Module ICE-1601:
Database Systems

Module Facts

Run by School of Computer Science and Electronic Engineering

20 Credits or 10 ECTS Credits

Semester 1 & 2

Organiser: Mr Andrew Harbach

Overall aims and purpose

To provide students with a practical understanding of database systems including the concept of a database, database management systems, and SQL.

To provide an in depth understanding of the database design process including conceptual, logical and physical design.

To be able to implement database systems, and consider issues such as security, transactions, and locking.

Course content

Indicative content includes:

  • Fundamental database concepts; what is a database, tables, queries, etc.
  • SQL as a language and its function within databases.
  • Database design and normalisation; conceptual, logical and physical design concepts and techniques.
  • Implementation of a database design.
  • Security concerns, concepts, and mechanisms.
  • Transactions and concurrency control.

Assessment Criteria

threshold

Equivalent to 40%. Uses key areas of theory or knowledge to meet the Learning Outcomes of the module. Is able to formulate an appropriate solution to accurately solve tasks and questions. Can identify individual aspects, but lacks an awareness of links between them and the wider contexts. Outputs can be understood, but lack structure and/or coherence.

good

Equivalent to the range 60%-69%. Is able to analyse a task or problem to decide which aspects of theory and knowledge to apply. Solutions are of a workable quality, demonstrating understanding of underlying principles. Major themes can be linked appropriately but may not be able to extend this to individual aspects. Outputs are readily understood, with an appropriate structure but may lack sophistication.

excellent

Equivalent to the range 70%+. Assemble critically evaluated, relevent areas of knowledge and theory to constuct professional-level solutions to tasks and questions presented. Is able to cross-link themes and aspects to draw considered conclusions. Presents outputs in a cohesive, accurate, and efficient manner.

Learning outcomes

  1. Describe the major characteristics of a relational database.

  2. Create conceptual, logical and physical database designs.

  3. Describe the concept and benefit of transactions in a database context.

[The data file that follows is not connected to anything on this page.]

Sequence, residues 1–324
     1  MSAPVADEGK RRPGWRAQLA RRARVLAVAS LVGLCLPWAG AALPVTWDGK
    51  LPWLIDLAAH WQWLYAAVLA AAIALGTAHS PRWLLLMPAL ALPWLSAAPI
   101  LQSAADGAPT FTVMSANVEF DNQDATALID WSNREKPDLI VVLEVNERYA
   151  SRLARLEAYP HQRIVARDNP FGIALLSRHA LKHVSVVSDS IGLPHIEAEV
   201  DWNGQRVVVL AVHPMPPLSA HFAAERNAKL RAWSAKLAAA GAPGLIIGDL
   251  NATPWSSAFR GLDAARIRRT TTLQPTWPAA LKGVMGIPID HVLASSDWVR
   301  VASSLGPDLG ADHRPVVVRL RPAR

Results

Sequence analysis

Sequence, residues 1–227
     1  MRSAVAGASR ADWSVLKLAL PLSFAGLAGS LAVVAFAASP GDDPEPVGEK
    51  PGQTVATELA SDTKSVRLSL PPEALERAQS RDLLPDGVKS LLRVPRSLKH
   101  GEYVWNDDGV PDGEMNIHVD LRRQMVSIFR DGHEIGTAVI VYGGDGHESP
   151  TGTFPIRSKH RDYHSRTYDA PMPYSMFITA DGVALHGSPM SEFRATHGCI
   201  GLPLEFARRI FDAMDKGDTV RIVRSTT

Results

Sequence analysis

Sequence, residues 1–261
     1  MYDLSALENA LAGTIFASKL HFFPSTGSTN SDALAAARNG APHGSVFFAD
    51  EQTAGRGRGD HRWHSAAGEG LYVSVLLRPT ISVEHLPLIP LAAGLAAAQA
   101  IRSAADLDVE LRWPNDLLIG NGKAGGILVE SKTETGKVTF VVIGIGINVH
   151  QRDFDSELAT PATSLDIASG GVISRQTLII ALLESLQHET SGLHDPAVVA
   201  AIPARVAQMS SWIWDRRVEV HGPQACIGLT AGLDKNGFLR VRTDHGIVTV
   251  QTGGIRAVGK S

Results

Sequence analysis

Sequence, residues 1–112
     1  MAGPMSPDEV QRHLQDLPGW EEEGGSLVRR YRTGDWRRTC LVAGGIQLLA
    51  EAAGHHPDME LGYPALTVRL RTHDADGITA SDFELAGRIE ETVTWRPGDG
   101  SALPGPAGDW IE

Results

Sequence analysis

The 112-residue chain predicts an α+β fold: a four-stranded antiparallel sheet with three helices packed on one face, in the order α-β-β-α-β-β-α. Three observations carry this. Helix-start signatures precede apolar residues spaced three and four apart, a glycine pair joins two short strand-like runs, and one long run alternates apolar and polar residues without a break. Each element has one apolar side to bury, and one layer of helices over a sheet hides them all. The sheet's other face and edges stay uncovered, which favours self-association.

4. Use SQL to query, create, and manipulate a database.

  5. Create ER models for particular applications.

Assessment Methods

Type Name Description Weight
COURSEWORK Laboratories exploring SQL

Laboratories to query, create, and manipulate a database.

30
COURSEWORK Database Design Laboratories

Carry out conceptual, logical, and physical database designs.

30
COURSEWORK Class tests

Two in-class tests covering theoretical and practical content.

40

Teaching and Learning Strategy

Hours
Lecture

Formal lectures covering theory and demonstrating practical topics.

27
Tutorial

Interactive sessions covering writing SQL, case studies, and revision.

11
Laboratory

Practical sessions writing SQL and using appropriate modelling techniques to design a database system. Includes marking where students are expected to explain their work to a member of staff. Also includes class tests.

38
Private study

To include reading around the subject, revision, finishing lab work and completing assignments.

124

Transferable skills

  • Literacy - Proficiency in reading and writing through a variety of media
  • Numeracy - Proficiency in using numbers at appropriate levels of accuracy
  • Computer Literacy - Proficiency in using a varied range of computer software
  • Self-Management - Able to work unsupervised in an efficient, punctual and structured manner. To examine the outcomes of tasks and events, and judge levels of quality and importance
  • Exploring - Able to investigate, research and consider alternatives
  • Information retrieval - Able to access different and multiple sources of information
  • Critical analysis & Problem Solving - Able to deconstruct and analyse problems or complex situations. To find solutions to problems through analyses and exploration of all possibilities using appropriate methods, rescources and creativity.

Subject specific skills

  • Solve problems logically and systematically;
  • Access and synthesize information and literature sources;
  • Demonstrate familiarity with relevant subject specific and general computer software packages.
  • Knowledge and understanding of facts, concepts, principles & theories
  • Use of such knowledge in modelling and design
  • Problem solving strategies
  • Analyse if/how a system meets current and future requirements
  • Deploy theory in design, implementation and evaluation of systems
  • Knowledge of information security issues
  • Specify, design or construct computer-based systems
  • Evaluate systems in terms of quality and trade-offs
  • Methods, techniques and tools for information modelling, management and security
  • Knowledge of systems architecture
  • Specify, deploy, verify and maintain information systems
  • System Design
  • Knowledge and understanding of computational modelling
  • Specify, deploy, verify and maintain computer-based systems

Resources

Courses including this module

Compulsory in courses: